By Susan Redden
Organizers hope that today’s ceremony marking the 150th anniversary of a Civil War battle northwest of Joplin also will encourage support to finance a permanent memorial on the site.
The public event, set for 11 a.m. at the intersection of Peace Church and Fountain Roads, will remember the regiment of black soldiers ambushed and killed by Confederate guerillas and the response by Union reinforcements who burned down the farm and the nearby Sherwood community.
The ambush occurred at the site of the former Rader Farm property just west of the intersection. Jasper County more than three years ago used donated funds to buy the five-acre tract. A committee of volunteers soon after started plans for a permanent memorial, but that work was sidelined for a time by recovery efforts after the May 2011 tornado.
The committee has developed plans for the memorial park, which will be showcased as a part of today’s ceremonies. Committee members will be available to answer questions about the memorial and show plans for buildings memorializing what happened at the site.
“We’ll have the plans there for people to see and we intend to use marking paint and actually mark off the area where the house and summer kitchen will be built,” said Bob Harrington, volunteer project manager for the Sherwood-Rader Farm Jasper County Civil War Park.
The committee is made up of about 15 people, including representatives from Missouri Southern State University, regional authors and community leaders. They have developed plans for a structure to replicate the original Rader farmhouse, with a small cabin and a split-rail fence at the perimeter of the property. County road crews have cleared the property except for a small barn and stretch of the split-rail fence that has been constructed.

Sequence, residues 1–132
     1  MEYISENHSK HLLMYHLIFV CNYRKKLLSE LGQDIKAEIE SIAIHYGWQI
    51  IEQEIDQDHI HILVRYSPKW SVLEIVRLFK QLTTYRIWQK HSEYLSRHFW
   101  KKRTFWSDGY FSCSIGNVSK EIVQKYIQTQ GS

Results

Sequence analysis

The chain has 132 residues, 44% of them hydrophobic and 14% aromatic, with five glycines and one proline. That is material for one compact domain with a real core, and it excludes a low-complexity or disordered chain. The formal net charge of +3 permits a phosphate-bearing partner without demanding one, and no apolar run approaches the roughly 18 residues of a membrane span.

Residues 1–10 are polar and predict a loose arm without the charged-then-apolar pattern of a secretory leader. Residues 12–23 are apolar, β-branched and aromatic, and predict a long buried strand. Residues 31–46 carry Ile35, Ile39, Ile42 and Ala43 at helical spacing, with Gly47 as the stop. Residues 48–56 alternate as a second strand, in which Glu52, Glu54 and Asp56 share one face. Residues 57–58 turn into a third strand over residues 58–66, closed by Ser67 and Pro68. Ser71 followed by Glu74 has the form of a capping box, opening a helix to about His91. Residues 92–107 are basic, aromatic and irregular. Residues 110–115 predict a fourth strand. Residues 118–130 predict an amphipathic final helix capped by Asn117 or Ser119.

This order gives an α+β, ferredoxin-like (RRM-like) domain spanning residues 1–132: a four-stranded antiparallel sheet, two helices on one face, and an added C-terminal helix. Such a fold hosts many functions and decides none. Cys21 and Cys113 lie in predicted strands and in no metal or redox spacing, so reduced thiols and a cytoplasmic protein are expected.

The park would be the first site on the western side of Jasper County to recognize the region’s role in the Civil War, according to Steve Weldon, county archivist and a member of the committee.
The design for the buildings was donated by Don Ness, a Joplin architect, and the committee has talked with officials of a local firm experienced in buildings that would replicate construction from the period.
The committee has set a fundraising goal of $100,000, Harrington said.
“Originally, we thought we could do it for just a little under $85,000, but we’ve found the property is larger than we first thought, and it’s going to take more for the fencing.”
Thus far, money toward the project has been a $25,000 donation by Ed and Allison Hershewe, used to buy the tract, and $7,500 set aside by Jasper County for incidental expenses in the project’s development.
“The county has been very supportive,” said Brad Belk, a committee member and curator of the Joplin Museum Complex.
Discussion of the property’s future will come at the end of a program to include elements aimed at taking listeners back to that time through first-persons account of the Rader Farm ambush and events that followed. Speakers will include Jim Lile, a professor of the theater department at MSSU, and Paul Teverow, a professor in the history department, who will read writings from Hugh L. Thompson, who was with Company C of the First Wisconsin Cavalry, and Lt. J.H. Graton, a white officer with the First Kansas Colored Infantry.
Virginia Laas, a retired MSSU history professor also will speak, the Carthage-based Heartland Concert Band will perform and the program will include presentations from others on the committee and will involve veterans of the wars in Afghanistan and Iraq.